Summit of Denali, 2015.

What’s next on the list for you?

I just flew off from a successful Denali expedition a few days ago. I’m going to take a little time off to go running, paragliding and mountain biking and slowly make my way to the Tetons for the rest of Jackson Hole Mountain Guide season. After that I’ll be heading to Oman for some safety/rescue work, then I’m not sure yet. A lot of this type of work comes very last-minute. It always comes, it’s just hard to plan for sometimes.

What’s your favorite meal to cook for clients on the trail?

I’ve been told that my enchiladas are pretty good. I usually make those at 14,200’ on Denali but it’s definitely not my favorite meal to cook, ‘cause they’re pretty difficult to make, especially when cooking for 9 people on 6 MSR Whisperlite stoves and 2 fry-bake fry pans and all the while you still have to be melting snow and making hot water…The easiest, lightest, most bang for your buck breakfast though (also easy to make) is probably hash browns and bacon. It’s not the quickest, but if you pre-soak the hash browns it’s pretty fast and it stays with you for a long time.


What’s the craziest situation you’ve ever been in while guiding?

I’m not really sure. I have been in some pretty crazy situations over the years, mostly all good though. I do a lot of safety and rigging work in the reality TV industry. Most of the adventure TV shows like to go to places where no one has ever been before. So I get to go to some of the most remote places on Earth and do scouting, course design, stunt work, medical support and behind the scenes safety stuff in some pretty amazing places. Often times we just pick out a spot on the map or on Google Earth and have a helicopter take us as close as we can get and then we jump out and have it pick us up at another place on the map.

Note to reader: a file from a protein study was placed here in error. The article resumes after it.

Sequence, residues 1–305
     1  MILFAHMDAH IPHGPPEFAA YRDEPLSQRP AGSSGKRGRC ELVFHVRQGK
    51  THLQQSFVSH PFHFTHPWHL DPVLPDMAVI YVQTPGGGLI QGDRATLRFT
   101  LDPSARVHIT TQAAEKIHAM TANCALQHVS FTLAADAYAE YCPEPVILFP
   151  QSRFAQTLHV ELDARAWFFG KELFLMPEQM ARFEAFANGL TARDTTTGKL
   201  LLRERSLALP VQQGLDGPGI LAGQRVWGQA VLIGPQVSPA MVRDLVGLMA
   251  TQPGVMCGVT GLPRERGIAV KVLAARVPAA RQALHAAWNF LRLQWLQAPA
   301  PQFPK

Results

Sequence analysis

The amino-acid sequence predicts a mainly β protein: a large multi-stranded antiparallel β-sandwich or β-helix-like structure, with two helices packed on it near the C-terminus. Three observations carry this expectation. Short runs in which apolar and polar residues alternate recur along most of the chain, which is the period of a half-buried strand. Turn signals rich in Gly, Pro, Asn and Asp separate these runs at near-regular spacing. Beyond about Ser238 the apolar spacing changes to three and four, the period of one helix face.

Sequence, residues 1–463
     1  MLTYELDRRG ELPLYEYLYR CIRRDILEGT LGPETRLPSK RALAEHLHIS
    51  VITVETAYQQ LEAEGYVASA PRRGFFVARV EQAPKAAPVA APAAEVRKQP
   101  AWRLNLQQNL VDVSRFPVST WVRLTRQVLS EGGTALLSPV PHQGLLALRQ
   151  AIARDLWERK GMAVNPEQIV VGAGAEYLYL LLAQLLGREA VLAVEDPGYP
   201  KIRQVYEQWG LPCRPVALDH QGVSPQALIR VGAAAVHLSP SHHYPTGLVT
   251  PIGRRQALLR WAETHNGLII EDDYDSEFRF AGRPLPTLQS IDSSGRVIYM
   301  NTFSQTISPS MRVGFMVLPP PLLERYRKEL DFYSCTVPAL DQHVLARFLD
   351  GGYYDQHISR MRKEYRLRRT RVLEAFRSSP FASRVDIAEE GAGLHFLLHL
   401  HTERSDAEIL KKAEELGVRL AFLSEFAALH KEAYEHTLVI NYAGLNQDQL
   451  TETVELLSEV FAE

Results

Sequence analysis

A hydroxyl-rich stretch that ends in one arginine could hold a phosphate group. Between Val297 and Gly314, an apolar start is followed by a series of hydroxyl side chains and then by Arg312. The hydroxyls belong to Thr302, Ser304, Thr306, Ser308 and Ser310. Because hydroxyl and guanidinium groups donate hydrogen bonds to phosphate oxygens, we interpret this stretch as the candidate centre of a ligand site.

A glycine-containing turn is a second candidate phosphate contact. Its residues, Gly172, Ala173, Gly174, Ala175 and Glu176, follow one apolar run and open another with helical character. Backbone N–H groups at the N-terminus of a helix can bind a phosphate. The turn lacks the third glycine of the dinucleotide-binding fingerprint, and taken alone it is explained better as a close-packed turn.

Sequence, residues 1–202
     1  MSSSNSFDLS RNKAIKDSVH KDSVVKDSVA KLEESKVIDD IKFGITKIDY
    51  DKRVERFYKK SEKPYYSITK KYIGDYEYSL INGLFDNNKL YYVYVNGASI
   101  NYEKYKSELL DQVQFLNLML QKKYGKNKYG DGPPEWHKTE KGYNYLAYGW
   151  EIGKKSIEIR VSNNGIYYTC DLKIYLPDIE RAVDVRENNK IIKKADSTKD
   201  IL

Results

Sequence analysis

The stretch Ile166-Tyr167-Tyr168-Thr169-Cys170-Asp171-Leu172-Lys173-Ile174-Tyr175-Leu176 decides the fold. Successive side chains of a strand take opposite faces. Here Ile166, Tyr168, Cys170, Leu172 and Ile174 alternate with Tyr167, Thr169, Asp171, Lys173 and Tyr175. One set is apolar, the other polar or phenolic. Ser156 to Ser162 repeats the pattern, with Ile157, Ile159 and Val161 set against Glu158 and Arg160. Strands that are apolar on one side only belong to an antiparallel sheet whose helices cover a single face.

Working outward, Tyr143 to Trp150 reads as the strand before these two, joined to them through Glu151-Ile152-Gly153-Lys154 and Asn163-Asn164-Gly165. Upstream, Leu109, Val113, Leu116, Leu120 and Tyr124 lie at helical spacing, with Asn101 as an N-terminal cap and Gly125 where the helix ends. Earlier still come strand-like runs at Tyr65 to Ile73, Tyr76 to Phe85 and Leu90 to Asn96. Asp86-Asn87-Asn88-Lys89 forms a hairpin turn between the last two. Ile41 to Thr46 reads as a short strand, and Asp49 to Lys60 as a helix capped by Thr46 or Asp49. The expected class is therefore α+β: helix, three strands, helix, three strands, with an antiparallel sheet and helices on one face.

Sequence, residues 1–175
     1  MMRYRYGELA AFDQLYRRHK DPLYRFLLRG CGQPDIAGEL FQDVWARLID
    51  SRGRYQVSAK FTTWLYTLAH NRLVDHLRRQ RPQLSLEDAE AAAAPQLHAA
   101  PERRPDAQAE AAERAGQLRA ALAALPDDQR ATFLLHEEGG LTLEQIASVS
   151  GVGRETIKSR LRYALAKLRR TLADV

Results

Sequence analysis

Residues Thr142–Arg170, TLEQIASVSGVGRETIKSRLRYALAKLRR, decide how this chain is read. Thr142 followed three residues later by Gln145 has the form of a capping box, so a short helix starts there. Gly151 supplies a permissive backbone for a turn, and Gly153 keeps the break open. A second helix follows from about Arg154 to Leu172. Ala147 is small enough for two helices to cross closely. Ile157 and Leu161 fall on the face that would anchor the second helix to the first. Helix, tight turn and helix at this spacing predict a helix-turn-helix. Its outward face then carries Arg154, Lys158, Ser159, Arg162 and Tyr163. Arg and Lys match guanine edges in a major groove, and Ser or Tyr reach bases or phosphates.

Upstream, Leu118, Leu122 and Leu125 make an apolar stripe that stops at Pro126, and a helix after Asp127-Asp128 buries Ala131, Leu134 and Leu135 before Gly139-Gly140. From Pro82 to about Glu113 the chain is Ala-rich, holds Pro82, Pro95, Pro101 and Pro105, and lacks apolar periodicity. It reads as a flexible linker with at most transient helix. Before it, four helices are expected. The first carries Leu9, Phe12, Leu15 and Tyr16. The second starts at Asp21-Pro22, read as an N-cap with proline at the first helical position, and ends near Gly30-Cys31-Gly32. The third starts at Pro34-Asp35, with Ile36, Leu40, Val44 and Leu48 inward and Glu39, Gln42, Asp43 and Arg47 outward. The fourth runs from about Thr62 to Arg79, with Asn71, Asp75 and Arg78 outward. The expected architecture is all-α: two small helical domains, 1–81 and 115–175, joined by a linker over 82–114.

On one of these adventures, I was stung in the head, face and throat (inside) about 20 times by wasps. We were in such dense jungle canopy that we could not have gotten out with a satellite phone, two way radio, SPOT, Delorme In-Reach or BGAN. We had access to a helicopter with an external winch for extrication, but no way of calling for it. Luckily it was me that got stung and I wasn’t allergic. I immediately took some Benadryl, a steroid and had some EPI Pens in hand and kept bushwhacking. We were about a two days walk to civilization, and I had about ten people with me at the time.

Rigging for a TV show stunt.

Do you have any advice for guides just starting out?

The best advice I can give newer guides is: work hard, whether this is working hard to maintain good working relationships with your clientele or working hard for the guide service(s) who are employing you. BE EASY TO STAFF! The guiding season is all about making hay while the sun shines. Be AVAILABLE during the season. Put aside your personal climbing goals until you are not needed. Trust me, if you work for a big company they will be having a difficult time scheduling guides. The easier you can make it for them the more likely they are going to keep putting your name on the schedule. Take any and all assignments given to you (as long as the assignment is within your ability). Some companies have guide mentor-ships. Others don’t. As a newer mountain guide you are going to have to go through the AMGA, which is both good and bad. Just keep in mind that even if/when you become a fully certified guide you still need to be humble, a good employee, and be willing to learn from the local “niche” guides.